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Advice to Young People, The Lies I Tell Myself

I'm really not qualified to give advice. But enough people DM'd me on Twitter, so here it is. I don't have to answer the same question over and over again. After some more editing I realised that I am actually writing this for my younger sister Katherine.

If you want to know who I am, check out blog/whoami or my Twitter.

Don't read this if you're seeking a nuanced perspective

These are simply the lies I tell myself to keep on living my life in good faith. I'm not saying this is the right way to do things. I'm just saying this is how I did things. I will do my best to color my advice with my own experiences, but I'm not going to pretend that the suffering and the privilege I've experienced is universal.

A feat of strength MVP for AI Apps

A minimum viable product (MVP) is a version of a product with just enough features to be usable by early customers, who can then provide feedback for future product development.

Today I want to focus on what that looks like for shipping AI applications. To do that, we only need to understand 4 things.

  1. What does 80% actually mean?

  2. What segments can we serve well?

  3. Can we double down?

  4. Can we educate the user about the segments we don’t serve well?

The Pareto principle, also known as the 80/20 rule, still applies but in a different way than you might think.

How to ask for Referrals (Among other things)

How can I help? Do you know anyone that could use my help? Do you know anyone that could use my services?

These are all examples of exceptionally low agency questions. Not only is it difficult to answer the question, you subject your victim to a lot of additional work and thinking in their busy day.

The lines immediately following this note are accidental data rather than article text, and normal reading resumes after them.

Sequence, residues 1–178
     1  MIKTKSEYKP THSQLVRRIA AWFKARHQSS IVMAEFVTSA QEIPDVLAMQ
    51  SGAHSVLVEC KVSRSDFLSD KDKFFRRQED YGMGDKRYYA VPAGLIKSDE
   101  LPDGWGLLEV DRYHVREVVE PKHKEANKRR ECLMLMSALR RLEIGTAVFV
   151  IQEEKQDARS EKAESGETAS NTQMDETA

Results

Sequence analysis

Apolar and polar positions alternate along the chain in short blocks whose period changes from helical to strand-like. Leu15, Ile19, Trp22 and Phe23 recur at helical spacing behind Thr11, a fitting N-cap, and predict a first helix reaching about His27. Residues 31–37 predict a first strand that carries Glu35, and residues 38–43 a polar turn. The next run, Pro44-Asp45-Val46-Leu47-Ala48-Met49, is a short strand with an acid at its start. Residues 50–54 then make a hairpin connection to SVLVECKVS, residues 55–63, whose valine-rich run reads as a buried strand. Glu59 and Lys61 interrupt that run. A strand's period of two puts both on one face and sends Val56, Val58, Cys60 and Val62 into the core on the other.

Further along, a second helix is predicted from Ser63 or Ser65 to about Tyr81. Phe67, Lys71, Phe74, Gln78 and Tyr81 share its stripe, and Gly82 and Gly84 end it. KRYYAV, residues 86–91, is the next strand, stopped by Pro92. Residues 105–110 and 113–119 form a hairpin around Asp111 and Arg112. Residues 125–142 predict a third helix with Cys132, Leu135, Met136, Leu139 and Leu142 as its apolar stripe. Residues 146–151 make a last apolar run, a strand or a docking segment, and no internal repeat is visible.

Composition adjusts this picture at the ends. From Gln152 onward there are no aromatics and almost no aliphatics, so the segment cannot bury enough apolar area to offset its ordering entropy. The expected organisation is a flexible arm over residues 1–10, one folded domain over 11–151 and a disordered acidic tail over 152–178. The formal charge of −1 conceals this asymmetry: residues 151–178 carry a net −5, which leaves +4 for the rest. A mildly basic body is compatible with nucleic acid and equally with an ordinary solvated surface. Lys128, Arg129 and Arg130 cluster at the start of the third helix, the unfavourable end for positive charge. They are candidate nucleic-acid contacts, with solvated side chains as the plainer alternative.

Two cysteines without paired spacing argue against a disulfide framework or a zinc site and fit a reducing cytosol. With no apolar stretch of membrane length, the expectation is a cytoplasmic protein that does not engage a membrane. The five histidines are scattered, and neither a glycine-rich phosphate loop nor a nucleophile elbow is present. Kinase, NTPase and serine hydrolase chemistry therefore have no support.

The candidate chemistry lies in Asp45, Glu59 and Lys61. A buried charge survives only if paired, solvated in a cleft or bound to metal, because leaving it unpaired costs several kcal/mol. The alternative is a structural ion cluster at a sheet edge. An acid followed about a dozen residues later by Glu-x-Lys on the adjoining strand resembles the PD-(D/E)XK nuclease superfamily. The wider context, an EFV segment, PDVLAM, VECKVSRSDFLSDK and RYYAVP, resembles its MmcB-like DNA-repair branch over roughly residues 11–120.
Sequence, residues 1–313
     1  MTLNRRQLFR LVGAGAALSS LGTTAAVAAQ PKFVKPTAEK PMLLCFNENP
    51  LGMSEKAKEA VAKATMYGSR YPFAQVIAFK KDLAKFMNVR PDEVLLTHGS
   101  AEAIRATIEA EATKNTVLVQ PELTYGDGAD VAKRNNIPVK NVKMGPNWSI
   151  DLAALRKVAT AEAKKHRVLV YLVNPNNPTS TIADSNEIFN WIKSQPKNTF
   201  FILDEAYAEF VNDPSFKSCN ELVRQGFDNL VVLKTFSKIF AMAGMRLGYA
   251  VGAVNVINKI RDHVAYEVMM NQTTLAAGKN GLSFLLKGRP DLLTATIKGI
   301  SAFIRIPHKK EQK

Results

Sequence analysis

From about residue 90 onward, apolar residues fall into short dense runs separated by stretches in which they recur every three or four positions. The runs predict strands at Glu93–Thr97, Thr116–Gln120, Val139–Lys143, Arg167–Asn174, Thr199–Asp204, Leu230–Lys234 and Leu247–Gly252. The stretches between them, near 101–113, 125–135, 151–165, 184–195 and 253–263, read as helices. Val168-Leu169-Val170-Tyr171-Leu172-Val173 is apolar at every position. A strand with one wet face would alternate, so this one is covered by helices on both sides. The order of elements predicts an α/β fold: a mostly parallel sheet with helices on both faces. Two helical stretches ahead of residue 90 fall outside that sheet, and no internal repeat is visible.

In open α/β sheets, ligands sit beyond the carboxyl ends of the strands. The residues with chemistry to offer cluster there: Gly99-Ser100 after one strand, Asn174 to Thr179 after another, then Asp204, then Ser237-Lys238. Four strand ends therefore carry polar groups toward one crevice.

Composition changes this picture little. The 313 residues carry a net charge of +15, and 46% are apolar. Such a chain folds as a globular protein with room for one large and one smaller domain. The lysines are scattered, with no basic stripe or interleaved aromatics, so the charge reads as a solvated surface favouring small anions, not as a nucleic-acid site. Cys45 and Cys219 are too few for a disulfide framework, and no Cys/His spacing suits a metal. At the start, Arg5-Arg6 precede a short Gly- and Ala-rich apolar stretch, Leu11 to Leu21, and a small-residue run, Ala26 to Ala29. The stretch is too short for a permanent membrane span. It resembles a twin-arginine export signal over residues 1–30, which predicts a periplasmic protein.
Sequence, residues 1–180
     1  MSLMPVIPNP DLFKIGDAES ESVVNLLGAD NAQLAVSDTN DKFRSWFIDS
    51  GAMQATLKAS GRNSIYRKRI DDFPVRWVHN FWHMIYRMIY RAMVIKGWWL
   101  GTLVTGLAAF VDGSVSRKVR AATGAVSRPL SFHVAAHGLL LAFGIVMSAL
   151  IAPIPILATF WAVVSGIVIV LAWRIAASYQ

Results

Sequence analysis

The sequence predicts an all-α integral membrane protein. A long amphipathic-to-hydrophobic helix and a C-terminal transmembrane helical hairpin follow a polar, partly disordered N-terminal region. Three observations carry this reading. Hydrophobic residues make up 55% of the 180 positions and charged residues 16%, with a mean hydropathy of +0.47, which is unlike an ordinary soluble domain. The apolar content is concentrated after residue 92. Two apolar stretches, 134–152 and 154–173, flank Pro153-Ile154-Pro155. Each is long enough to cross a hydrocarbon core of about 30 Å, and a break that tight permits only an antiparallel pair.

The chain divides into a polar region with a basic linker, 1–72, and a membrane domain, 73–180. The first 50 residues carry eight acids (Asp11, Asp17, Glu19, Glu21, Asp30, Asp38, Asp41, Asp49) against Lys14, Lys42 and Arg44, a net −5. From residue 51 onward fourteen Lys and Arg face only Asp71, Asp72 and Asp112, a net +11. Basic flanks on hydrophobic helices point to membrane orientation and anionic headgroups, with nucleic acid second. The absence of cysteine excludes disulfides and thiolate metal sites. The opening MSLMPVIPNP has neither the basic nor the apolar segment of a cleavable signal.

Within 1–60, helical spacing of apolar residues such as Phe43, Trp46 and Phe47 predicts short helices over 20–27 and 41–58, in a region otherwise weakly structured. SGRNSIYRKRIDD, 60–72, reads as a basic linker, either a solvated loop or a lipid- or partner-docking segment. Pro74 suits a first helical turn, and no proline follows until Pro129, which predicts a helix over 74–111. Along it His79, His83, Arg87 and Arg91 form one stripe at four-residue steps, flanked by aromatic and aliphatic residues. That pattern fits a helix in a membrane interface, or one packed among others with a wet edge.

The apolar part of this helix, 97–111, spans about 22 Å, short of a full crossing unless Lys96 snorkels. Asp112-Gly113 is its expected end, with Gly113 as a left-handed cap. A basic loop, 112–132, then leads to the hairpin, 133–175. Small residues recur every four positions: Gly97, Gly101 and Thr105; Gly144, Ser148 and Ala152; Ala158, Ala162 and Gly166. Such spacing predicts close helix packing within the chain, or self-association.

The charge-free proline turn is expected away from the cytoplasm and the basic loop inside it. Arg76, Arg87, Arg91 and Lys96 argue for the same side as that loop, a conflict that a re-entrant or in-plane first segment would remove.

It's like seeing your mom sweating away busy cooking, chopping vegetables and asking "How can I help?" It's a lot of work to manage you, and it's a lot of work to think about what you can do. Now she has to consider what's in your ability, what the unfinished work is, and prioritize that versus the other.

This post is my simple framework on how I ask.

My year at 1100ng/dL

I'm not a doctor, but I did manage to double my testosterone levels in a year. I'm going to talk about what I did, what I learned, and what I think about it:

  1. It's just a fact that male testosterone levels have been dropping for the past couple of years.
  2. I felt like I was in a rut and I wanted to feel better, and I did.
  3. I was such a psycho about it that I decided to go off the protocol.
  4. Despite that, I still think every man should get their levels tested and see if they can improve them. And just understand how they feel.

What I Learned from Indie Consulting


If you think this writing style is strange, this is because much of this writing is actually a collected batch of voice memos transcribed into an essay using's distilled whisper model. There will likely contain errors, as there are pieces and fragments of some of the thoughts I have on the topic. I welcome all most all edits and comments.

I specify indie consulting as something that is completely and wholly separate from the big-time consulting we hear about from those ridiculous institutions. Check out this video roasting McKinsey From John Oliver to understand how I feel about many of these folks. Theres another great video that I saw on tiktok.